Turkish devotees and newcomers gathered at the Ashaka Yoga Retreat Center on Büyükada, one of the beautiful Princes’ Islands off the coast of Istanbul for Bhakti Fest, an immersive “temple experience” of Krishna consciousness from September 12th to 15th.
Twenty-seven devotees including some visitors from Cyprus and Hungary stayed for the full duration of the event, while daily guests brought attendance to forty-five by Sunday.
Although that may have been a small group for many ISKCON communities, it was a crowd for Turkey, an Islamic country with very few devotees and no official ISKCON presence.
“In the beginning I was the only devotee here,” says Nrsimha Krishna Das, who organized the event along with his wife Krishna-Mala Dasi and Shri Ram Das. “Now there are about twenty devotees living in Turkey. But there is no temple. So we wanted to gather all the devotees in one place and create an atmosphere that would give them the experience of living in a temple.”
Quiet, secluded, full of beautiful natural vistas, and home to several ancient Christian churches, Büyükada island was the perfect location for the retreat.
For participants, the day started early and was packed with Krishna conscious experiences. Rising at 4:00am, they attended the traditional ISKCON temple program of mangala arati at 4:30am, followed by japa meditation and Guru Puja.
Every day from 7:45 to 9:00, in place of the standard Srimad Bhagavatam lecture, was a seminar by ISKCON guru and GBC Sivarama Swami, who was visiting from Hungary.
Speaking about The Three Modes of Material Nature and how to live unaffected by them, Sivarama Swami emphasized the importance of rising early and executing one’s spiritual practices to start the day off in the mode of goodness, among other practical tips.
After breakfast, served “Vaishnava style” with diners sitting on mats on the floor and servers going from person to person, there was half an hour of free time.
From 10:30am to 1:30pm, retreat participants could choose between music or cooking classes. Jitendriya Das taught traditional kirtan instruments such as mridanga, harmonium and kartals. With senior devotee Manjuali Dasi from Hungary, meanwhile, devotees learned how to cook delicious vegetarian dishes for Lord Krishna.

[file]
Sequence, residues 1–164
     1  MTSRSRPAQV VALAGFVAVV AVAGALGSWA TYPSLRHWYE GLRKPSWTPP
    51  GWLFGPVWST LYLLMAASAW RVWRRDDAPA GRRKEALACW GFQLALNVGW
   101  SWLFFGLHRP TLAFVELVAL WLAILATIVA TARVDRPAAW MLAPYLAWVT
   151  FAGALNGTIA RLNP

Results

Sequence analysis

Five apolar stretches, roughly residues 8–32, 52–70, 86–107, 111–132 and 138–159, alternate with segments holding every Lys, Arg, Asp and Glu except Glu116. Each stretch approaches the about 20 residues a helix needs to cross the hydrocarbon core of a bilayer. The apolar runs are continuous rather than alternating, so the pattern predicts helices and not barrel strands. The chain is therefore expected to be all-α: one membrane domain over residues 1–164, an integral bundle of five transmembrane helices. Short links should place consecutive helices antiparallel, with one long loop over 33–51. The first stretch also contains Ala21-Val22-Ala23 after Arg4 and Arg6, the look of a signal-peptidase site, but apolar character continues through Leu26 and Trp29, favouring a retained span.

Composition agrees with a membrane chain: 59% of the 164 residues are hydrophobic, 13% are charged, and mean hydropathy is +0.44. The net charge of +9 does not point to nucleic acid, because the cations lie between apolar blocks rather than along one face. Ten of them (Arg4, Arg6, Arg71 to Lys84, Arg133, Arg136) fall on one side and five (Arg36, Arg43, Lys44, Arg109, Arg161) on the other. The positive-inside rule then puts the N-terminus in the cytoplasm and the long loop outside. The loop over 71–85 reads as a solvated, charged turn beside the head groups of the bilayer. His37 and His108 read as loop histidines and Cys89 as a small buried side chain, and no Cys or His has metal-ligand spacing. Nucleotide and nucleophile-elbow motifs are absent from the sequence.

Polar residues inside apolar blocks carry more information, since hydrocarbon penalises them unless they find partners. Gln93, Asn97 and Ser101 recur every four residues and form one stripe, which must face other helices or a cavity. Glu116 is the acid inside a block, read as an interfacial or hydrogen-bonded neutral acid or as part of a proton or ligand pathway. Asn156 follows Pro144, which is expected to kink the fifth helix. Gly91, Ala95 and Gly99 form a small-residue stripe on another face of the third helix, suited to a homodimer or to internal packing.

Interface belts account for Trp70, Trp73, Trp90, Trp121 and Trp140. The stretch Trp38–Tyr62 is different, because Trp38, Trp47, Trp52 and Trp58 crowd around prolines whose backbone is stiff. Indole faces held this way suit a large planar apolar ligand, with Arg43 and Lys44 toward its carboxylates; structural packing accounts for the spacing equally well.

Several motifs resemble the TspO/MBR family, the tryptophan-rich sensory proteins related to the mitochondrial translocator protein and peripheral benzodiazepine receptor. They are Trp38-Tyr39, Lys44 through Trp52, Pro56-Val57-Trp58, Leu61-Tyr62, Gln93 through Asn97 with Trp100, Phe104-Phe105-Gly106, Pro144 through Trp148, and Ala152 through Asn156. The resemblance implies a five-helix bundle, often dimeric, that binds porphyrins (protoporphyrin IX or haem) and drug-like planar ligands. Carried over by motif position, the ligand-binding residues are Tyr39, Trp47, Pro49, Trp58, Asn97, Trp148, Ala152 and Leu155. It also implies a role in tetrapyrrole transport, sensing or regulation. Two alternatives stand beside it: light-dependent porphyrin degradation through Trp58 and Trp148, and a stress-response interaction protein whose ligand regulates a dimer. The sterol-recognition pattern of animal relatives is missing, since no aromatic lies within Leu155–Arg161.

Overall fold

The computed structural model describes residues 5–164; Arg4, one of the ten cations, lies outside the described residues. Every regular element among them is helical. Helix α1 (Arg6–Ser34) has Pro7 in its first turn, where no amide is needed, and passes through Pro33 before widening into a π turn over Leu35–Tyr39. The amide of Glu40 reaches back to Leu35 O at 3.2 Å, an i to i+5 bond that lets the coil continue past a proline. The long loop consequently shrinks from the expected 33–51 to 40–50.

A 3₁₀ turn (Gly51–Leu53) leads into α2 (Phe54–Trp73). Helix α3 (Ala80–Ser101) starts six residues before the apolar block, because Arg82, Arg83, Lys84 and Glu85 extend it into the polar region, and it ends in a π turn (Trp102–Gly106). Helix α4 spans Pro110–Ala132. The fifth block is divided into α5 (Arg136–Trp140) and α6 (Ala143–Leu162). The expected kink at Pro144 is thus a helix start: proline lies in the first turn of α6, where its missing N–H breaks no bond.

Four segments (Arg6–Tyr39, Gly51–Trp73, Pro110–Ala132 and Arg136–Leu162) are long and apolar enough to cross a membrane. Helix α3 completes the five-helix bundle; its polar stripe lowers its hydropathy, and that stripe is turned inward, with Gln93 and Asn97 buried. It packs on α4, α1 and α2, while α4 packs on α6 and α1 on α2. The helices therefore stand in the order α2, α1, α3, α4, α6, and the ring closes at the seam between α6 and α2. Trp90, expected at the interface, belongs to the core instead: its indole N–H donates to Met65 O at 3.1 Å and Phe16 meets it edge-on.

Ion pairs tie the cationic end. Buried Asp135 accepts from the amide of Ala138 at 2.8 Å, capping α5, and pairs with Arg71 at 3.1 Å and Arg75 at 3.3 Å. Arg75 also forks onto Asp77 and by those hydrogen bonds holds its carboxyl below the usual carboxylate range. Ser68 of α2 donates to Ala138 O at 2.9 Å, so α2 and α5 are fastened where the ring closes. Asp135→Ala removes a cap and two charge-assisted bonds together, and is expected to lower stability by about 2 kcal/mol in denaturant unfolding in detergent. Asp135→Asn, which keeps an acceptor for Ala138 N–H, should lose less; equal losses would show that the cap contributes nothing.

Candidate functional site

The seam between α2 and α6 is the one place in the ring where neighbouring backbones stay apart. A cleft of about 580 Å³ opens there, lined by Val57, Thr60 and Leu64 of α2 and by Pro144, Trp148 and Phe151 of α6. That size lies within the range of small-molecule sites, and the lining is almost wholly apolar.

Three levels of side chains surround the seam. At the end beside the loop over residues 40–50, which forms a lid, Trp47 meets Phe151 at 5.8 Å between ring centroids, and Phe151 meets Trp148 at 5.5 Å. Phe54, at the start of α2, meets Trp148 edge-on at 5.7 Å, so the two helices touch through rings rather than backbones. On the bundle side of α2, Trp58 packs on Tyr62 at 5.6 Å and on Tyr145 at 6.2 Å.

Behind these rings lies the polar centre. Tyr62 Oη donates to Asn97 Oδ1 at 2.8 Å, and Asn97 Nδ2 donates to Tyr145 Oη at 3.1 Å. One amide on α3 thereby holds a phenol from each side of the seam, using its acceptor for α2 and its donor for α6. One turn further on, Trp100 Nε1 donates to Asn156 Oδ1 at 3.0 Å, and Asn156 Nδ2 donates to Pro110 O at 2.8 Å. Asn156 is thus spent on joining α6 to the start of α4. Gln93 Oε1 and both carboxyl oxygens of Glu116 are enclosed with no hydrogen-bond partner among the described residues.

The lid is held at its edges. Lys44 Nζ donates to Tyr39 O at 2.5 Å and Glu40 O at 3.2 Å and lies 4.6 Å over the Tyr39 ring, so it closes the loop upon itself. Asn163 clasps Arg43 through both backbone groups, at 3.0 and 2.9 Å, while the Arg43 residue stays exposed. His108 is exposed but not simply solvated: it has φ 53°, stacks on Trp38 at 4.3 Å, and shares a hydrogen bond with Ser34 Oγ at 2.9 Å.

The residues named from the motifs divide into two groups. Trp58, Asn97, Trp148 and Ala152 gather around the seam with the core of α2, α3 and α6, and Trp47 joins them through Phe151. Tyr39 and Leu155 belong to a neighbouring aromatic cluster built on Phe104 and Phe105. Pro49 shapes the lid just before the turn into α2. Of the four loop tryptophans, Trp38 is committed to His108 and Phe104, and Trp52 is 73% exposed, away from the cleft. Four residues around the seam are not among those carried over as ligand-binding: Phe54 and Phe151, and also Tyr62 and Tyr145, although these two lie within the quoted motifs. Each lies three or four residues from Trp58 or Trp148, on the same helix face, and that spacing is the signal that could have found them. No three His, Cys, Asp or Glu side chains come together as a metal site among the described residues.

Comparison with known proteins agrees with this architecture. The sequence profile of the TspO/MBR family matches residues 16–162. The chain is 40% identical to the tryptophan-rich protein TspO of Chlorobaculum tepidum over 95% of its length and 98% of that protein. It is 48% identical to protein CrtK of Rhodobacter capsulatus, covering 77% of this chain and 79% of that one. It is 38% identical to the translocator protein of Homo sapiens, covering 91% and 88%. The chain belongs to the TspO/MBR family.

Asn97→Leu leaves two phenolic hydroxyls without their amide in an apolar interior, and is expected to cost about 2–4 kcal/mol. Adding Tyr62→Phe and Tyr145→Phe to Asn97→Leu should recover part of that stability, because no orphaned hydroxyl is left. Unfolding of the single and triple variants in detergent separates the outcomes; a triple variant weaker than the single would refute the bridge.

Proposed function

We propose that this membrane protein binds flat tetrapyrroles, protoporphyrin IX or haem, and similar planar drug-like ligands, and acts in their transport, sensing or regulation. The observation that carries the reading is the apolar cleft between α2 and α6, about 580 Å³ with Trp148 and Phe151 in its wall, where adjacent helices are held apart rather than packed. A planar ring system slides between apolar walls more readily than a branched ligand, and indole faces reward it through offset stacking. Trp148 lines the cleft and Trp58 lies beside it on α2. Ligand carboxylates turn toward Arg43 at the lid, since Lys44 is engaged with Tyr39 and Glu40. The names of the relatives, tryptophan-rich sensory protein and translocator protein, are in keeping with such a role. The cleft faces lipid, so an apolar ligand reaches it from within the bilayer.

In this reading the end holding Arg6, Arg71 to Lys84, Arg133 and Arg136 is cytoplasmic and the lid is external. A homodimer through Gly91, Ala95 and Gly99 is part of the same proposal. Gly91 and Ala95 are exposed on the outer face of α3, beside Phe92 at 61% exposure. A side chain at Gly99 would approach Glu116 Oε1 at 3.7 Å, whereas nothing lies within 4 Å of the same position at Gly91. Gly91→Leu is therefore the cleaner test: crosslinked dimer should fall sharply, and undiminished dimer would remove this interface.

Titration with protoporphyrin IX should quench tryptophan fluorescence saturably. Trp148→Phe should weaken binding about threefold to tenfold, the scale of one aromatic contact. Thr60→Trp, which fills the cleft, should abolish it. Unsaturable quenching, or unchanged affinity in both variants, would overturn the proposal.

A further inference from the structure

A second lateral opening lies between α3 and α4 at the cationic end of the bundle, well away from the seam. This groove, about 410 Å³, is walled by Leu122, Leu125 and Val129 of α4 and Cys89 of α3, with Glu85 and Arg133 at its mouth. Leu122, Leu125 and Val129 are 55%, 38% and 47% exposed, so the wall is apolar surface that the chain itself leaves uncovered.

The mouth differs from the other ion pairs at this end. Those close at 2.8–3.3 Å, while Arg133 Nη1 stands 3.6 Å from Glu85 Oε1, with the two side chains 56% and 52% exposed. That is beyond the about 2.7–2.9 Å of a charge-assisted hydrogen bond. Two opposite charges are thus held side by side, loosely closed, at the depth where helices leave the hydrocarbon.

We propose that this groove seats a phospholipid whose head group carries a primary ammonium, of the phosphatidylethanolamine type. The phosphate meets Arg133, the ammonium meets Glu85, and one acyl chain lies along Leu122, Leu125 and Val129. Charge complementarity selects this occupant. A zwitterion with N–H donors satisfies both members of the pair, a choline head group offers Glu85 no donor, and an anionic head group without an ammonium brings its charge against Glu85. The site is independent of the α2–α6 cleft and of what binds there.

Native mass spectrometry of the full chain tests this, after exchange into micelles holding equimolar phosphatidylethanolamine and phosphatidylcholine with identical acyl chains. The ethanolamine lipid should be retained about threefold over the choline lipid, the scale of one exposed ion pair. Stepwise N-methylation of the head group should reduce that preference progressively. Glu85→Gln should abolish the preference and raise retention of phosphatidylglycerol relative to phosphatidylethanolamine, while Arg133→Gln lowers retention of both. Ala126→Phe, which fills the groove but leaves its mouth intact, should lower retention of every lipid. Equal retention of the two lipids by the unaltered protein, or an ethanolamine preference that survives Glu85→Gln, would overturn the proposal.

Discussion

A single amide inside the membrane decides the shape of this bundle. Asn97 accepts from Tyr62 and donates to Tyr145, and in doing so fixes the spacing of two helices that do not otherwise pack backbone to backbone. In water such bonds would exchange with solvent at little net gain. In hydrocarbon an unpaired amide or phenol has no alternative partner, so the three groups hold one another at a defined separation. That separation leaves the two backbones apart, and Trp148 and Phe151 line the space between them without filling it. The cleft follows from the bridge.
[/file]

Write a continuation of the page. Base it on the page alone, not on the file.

They then sat together for lunch, tucking into the food they themselves had just prepared. After more free time, they attended a second seminar at 4:00pm. Given by Radha-Krishna Das, temple director at Hungary’s New Vraja Dhama community, it was entitled “How to Live a Better Life.”
“He brought up scientific points on how to live peacefully with a high quality lifestyle, how to behave with each other, and how to connect all this with Krishna consciousness,” says Nrsimha Krishna. “It was a very nice and interactive seminar.”
The last day of Radha Krishna’s seminar featured six short sketches by Hungary’s Vallabhi Kantha Dasi and Turkey’s Bhaktin Elvan, including a piece on the four legs of Dharma – Mercy, Austerity, Truthfulness and Cleanliness – and one on the saint Haridas Thakur.
Every day after Radha Krishna’s seminar were questions and answers with Sivarama Swami, followed by some free time, Gaura Arati kirtan, a light dinner at 8:30pm, and then bed time.
“It was a very tight schedule, almost full from 4:30am to 9:00pm,” Nrsimha Krishna says. “But devotees were very satisfied and happy. And newcomers enjoyed the association of devotees and learned many new things about Bhakti. They also got the chance to purchase devotional clothes, books, and other spiritual items, which is unique in Turkey because we can only sell books at such events, not outside on the street.”
For Nrismha Krishna and his wife, the experience was a very fulfilling one. Looking to the future, he hopes to establish Bhakti Fest as an annual event, and to improve the facilities and organization for devotees based on feedback.
“We had some issues with neighbors at nearby holiday homes complaining about noise, so next year we’re going to find a location where we can have kirtans as loud as we want!” he says. “We also hope to add more elements to the festival – more spice!”
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